London Underground saved with massive second bail out
Transport for London has been granted a second massive bail out package by the UK government. Westminster has agreed to a package of support, worth 1.8 billion British pounds (two billion euros) to keep services running. The elected major of London, Sadiq Khan, had pleaded the case for the support, in the face of an almost complete collapse of fare revenue since March. According to reports in the British media, without a bailout the network would have been forced to issue a Section 114 order, the equivalent of bankruptcy for a public company in the UK.
Transport for London, which runs the Underground, as well as many surface trains branded as London Overground, the extensive autonomous Docklands Light Railway network, and several other road and river services, has been in the spotlight as a critical example of the grave challenges facing urban public transport operators in the UK and other parts of the world. Pictures of deserted stations, normally teeming to overflowing, have been daily reminders of the depth of fall in passenger numbers.
The network, upon which London is completely reliant for economic activity, and which itself relies on almost maximum capacity at all times to remain solvent, says it has been teetering on bankruptcy since the initial lockdown in the UK in March. Now, with England just days away from a month-long second lockdown, this financial bailout package has come in just in time.
Stringent conditions resisted by mayor and unions
There is general relief at the TfL Stratford headquarters in the east of London, but the bailout comes with conditions attached. When the operator appealed to the UK government earlier in the year, Westminster made the relief conditional on implementing some reforms, which had long been resisted by the London mayor and the city’s socialist-led administration. These conditions included fare reform and staffing, as well as wider transport issues.
The RMT trades union (Rail Maritime and Transport) has pledged to resist any cuts. “It is deeply troubling for TfL staff that this short term deal is loaded with strings that amount to at least 160 million (180 million euros) of cuts with the very clear threat of worse to come”, said RMT general secretary Mick Cash. “Staff who have been keeping essential travel operating and London moving should not pay the price for this pandemic. We will fight any attempt to attack jobs, pensions, working conditions and safety.”
Help London through the next phase
Speaking to the BBC, the mayor of London said the settlement was not ideal, and that he had fought hard against the very worst conditions imposed. “The only reason TfL needs government support is because its fares income has almost dried up since March”, Mayor Khan said. His TfL commissioner Andy Byford said the agreement allows TfL to continue supporting the capital for the remainder of the financial year. “Reaching this agreement with the government allows us to help London through this next phase of the pandemic”, he said.
Among the conditions on the table was a vast extension to London’s congestion charge zone, which was not implemented. However, London will now have to pick up the cost of age-related concessionary fares, and general fares will rise in the new year. The likely effect is an increase in local taxation for the whole of London in 2021.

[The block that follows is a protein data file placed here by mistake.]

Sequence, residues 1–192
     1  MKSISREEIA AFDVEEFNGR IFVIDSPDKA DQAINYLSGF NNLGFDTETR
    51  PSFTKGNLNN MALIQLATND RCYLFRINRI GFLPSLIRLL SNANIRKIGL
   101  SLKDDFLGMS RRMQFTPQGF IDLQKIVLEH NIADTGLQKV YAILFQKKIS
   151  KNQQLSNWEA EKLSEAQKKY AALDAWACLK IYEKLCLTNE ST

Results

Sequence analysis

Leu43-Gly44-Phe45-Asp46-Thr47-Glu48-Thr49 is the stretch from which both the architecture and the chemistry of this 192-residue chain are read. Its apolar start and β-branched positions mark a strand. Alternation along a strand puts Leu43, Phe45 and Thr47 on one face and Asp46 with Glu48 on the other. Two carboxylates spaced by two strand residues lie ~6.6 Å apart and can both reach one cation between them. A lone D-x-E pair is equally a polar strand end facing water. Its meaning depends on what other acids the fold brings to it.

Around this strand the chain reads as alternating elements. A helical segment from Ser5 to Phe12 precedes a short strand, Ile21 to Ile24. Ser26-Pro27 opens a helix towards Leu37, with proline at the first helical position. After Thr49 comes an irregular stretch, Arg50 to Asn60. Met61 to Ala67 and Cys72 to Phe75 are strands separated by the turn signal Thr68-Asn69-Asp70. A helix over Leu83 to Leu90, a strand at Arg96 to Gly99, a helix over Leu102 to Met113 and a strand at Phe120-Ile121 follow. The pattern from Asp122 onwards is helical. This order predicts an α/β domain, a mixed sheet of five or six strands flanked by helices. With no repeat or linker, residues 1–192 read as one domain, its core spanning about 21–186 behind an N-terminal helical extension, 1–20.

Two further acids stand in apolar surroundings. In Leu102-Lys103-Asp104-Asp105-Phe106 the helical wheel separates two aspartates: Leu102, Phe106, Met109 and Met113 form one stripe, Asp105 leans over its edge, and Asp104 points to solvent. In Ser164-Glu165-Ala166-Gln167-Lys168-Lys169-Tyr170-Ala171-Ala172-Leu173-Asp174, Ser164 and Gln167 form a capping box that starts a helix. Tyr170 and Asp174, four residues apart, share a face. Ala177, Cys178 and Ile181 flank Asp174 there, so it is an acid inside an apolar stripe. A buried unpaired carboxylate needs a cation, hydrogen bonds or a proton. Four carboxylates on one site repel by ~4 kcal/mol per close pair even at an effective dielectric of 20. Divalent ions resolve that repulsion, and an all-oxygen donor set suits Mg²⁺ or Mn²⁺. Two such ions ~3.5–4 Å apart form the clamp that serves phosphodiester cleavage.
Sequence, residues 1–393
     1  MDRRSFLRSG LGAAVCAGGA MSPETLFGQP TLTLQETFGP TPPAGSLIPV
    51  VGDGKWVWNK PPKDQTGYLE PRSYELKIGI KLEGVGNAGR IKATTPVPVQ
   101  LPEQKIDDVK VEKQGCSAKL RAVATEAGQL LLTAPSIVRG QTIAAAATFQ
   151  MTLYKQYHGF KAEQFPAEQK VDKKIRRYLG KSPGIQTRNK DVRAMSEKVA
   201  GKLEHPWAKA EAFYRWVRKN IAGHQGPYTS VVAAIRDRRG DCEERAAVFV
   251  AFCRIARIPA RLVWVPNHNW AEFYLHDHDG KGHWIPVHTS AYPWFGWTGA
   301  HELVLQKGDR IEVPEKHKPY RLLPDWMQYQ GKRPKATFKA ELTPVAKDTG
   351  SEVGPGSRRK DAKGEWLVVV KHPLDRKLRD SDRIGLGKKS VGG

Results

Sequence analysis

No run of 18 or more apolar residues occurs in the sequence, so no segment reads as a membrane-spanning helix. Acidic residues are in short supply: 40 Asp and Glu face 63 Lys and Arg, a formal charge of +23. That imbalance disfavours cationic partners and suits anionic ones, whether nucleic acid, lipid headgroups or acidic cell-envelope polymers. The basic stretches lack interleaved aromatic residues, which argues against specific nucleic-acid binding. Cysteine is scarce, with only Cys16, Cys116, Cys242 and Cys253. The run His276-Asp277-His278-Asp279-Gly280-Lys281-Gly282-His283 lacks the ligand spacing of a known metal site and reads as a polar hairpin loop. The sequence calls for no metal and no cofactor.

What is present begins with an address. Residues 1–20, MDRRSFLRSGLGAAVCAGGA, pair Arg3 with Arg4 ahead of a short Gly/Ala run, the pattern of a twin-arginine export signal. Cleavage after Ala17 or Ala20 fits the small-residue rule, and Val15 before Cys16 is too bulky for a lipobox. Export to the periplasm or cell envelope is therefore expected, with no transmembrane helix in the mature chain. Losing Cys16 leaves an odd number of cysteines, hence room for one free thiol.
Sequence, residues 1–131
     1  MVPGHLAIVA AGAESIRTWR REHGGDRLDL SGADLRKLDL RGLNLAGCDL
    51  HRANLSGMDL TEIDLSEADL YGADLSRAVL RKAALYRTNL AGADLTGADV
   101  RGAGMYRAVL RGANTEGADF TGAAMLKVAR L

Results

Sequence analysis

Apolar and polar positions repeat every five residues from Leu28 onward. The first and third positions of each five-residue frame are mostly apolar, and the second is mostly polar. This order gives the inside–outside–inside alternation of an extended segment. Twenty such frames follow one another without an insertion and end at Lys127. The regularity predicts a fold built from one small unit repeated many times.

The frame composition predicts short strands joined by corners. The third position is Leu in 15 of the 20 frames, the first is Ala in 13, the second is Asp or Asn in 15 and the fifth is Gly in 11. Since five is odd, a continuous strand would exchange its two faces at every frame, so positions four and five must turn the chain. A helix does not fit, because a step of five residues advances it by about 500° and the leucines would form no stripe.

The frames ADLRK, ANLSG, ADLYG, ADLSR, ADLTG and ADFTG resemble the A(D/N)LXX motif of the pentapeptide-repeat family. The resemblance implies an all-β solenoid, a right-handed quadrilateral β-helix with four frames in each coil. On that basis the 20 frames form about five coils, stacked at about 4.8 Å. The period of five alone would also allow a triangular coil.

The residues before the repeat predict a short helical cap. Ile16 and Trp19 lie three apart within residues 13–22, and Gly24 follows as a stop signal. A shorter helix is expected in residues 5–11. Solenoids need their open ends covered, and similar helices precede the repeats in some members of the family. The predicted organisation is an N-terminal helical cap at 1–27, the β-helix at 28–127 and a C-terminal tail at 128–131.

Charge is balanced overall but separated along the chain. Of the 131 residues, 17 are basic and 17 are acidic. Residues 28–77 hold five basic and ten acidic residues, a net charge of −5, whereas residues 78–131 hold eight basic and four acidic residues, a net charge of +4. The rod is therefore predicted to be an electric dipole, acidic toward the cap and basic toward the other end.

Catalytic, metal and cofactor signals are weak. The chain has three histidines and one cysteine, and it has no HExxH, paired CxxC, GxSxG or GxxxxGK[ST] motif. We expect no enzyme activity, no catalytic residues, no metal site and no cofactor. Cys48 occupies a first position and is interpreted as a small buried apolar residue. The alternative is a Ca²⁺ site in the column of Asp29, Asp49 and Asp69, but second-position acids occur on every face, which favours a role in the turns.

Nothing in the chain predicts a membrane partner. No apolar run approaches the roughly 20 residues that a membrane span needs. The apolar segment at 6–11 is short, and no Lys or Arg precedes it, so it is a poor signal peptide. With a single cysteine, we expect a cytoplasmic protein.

Rail retailers badly affected
However, the bail out does not reach every aspect of business on the Underground. For as long as there have been trains running on the world’s first and most extensive urban transport system, there have been traders too, servicing the needs of the travelling public. There is scant support for them in the package.
Clare Bailey, an independent retail expert, with experience in the rail sector, says it is not just the rail operator that is suffering. “The London Underground is a major part of the retail and commercial life of the capital”, she says.
“Lockdown and the effects of the coronavirus pandemic have been brutal for hundreds and hundreds of traders who operate from station concourses and from premises within station buildings. Anyone who travels regularly on the London Underground will be familiar with the usual collection of retailers at the entrance to almost every suburban station. The collapse of passenger numbers has been life-threatening for the newsagents, florists, estate agents, coffee stalls that occupy railway premises up and down the network. The bailout does not cover these businesses, and we have a real job on our hands to see them survive, particularly in this month and the rest of this year.”
The network around London continues to grow, to keep pace with the increasing population and modal shift. Transport for London is involved in a number of extensive projects, most notably the nationally significant Crossrail scheme. Work will continue on that, and a portfolio of other improvement works. However, both working conditions and passenger numbers will be affected by a second national lockdown, which covers the whole of England and begins on Thursday. While funding has been secured until March next year, the Underground is far from out of the tunnel yet.
It is being Very political calling it a ‘bail out’.
The funding is a Government Grant – which so many people and companies are receiving.
You do not see in press articles of the 80% of salary (of those who were not sacked during the short end of phase 1) as a Employee/Worker Bail Out.
Only those in “The Land of Nope and Tory” would use the term Bail Out.